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The 47th Sebring 12 Hours - 1999

Ahead of the 61st Sebring 12 Hours, John Brooks looks back at the 1999 race. In a sense it was the start of a new era, but it also doesn’t seem that long ago…

Re-birth of the Cool

The 1999 edition of the 12 Hours of Sebring did not seem to be particularly auspicious or historic, at least in anticipation. Sure, the first edition of Petit Le Mans the previous October had been a success, attracting a quality field and bringing some of the pizzazz back to long distance racing, but was this a real revival or just another false dawn?

Endurance motorsport had largely limped through the 90’s after the glory days of IMSA and Group C, both championships a victim of wild overspending by rival manufacturers. In the case of Group C, there is also an argument that it was the victim of outright malice of certain elements within the FIA. The flames had been extinguished but a faint pilot light was maintained by a few parties - in Europe, the ACO, Stephane Ratel, Jürgen Barth, Patrick Peter and John Mangoletsi were the heroes. In North America, the France family and the much maligned Andy Evans kept the faith and in 1997 a new name arrived on the scene, Don Panoz. The Don, as he became affectionately known, built the Panoz GT1 and acquired three famous North American tracks: Mosport, Road Atlanta and Sebring. A divergence of opinion on the direction and regulations with USRRC in 1998 encouraged Panoz to look east across the Atlantic towards the city of Le Mans for inspiration. The first step, Petit Le Mans, was an unqualified success and that encouraged the establishment of the American Le Mans Series. Sebring would be the start of the legend.

The ALMS attracted a good entry for Sebring - the usual suspects from the North American scene were joined by factory teams from Audi, BMW and Corvette along with a handful of top line privateers. There were three classes; Prototypes heading the field, supported by GTS and GT. Two of the latest BMWs were the headline act, designed and built by Williams Grand Prix. After a conservative effort in 1998 BMW/Williams agreed on the radical V12 LMR, with a single roll hoop configuration imitating a single seater racer, rather than the rule makers’ intention of two seats and a full roll hoop. That interpretation of the regulations was the basis for the other German debutant’s car, the Audi R8R. Both squads had real talent in their driver line-ups, with JJ Lehto, Tom Kristensen and Jörg Müller in the number 42 BMW and Jo Winkelhock, Pierluigi Martini and Yannick Dalmas in number 43. Audi had Michele Alboreto, Stefan Johansson and Dindo Capello in R8 number 77 and Frank Biela, Emanuele Pirro and Perry McCarthy in number 78. The only negative from Germany was that Wendelin Wiedeking, Porsche’s CEO, had cancelled their prototype programme at short notice.

The local opposition to the German factory teams was expected to come from Panoz Motorsport’s pair of Panoz GTR-1s, two Dyson Racing Riley & Scott-Fords, Champion Racing’s Porsche 911 GT1 and a brace of Ferraris 333SPs, one each from Doyle-Risi Racing and Doran Enterprises. Other native talent that might also challenge for honours would be another 333SP from Dollahite Racing, and Riley and Scotts from Robinson Racing, TRV, Kopf Precision, Whittington Brothers, Genesis Racing, Intersport, Transatlantic Racing and Hybrid R&D. Jim Downing brought two versions of his Mazda-powered Kudzus and there were two new Lola B98/10 chassis in the field, one entered by Intersport and the other, in a spectacular livery, from Team Cascadia.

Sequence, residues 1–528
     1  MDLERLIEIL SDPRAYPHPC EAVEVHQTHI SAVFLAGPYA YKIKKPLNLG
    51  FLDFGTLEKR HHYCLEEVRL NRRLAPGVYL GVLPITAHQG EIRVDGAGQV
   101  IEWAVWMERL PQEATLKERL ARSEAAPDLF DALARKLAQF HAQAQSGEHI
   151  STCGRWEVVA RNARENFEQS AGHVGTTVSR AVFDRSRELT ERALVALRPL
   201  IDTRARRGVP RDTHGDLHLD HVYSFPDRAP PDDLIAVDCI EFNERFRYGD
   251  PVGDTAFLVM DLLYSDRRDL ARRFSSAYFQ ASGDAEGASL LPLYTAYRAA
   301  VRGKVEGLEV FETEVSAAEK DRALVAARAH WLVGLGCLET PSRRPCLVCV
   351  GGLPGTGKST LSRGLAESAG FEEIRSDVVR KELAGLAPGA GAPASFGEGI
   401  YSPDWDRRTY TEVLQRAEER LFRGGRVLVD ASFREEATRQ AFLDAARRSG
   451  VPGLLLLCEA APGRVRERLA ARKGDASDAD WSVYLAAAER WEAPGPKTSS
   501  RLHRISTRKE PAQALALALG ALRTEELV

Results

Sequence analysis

The foreign privateer prototype element was strong, led by Team Rafanelli’s modified Riley & Scott MKlll  with the latest GV-4 Judd V10. Lead driver Eric van de Poele, described it as “the best I have ever driven”. The 1998 BMW V12 LM was present entered by Price & Bscher, Franz Konrad brought his Lola B98/10 and Le Mans legend Yojiro Terada had his AutoExe (a renamed Riley & Scott) as well. This was a seriously good prototype grid and with the rumours flying around that Mercedes-Benz was going to arrive after Le Mans with their dramatic CLR coupés, the prospects for the fledgling series looked promising.

The GTS field was headed by two works Chevrolet Corvettes run by Pratt & Miller, which had made their debut earlier in the the year at the Rolex 24. Up against them were Porsche 911 GT2 entries from Konrad Motorsport, Freisinger Motorsport, DM Motorsport, Schumacher Racing, Johnson Autosport, Chiefie Motorsport, CJ Motorsport and Martin Snow Racing. The only interloper into the ’Vette/911 battle was a Saleen Mustang SR but that was not expected to disturb the sharp end of the leader board. It was anticipated that the American cars would have a comfortable speed advantage; the doubt was whether they be totally reliable, as it was certain that at least one of the 8 Porsches would get a troublefree run.

As with the GTS, the GT class was dominated by Porsches with 14 entries, some more modern than others. The pick of the bunch were from Alex Job Racing, who faced 4 BMW M3s with the Prototype Technologies pair also being strongly fancied.

Two days of Practice and Qualifying threw up the expected results with BMW, Corvette and AJR Porsche heading their classes. Less expected was the performance of the Rafanelli Riley & Scott which grabbed second place on the grid, relegating the number 42 BMW from the front row. When the green flag waved on Saturday morning, Eric van de Poele jumped into an immediate lead in front of the 57 other starters. The field had been reduced by two after the Cascadia Lola and the RWS Porsche had withdrawn but it was a very respectable field for the opening round of a new championship.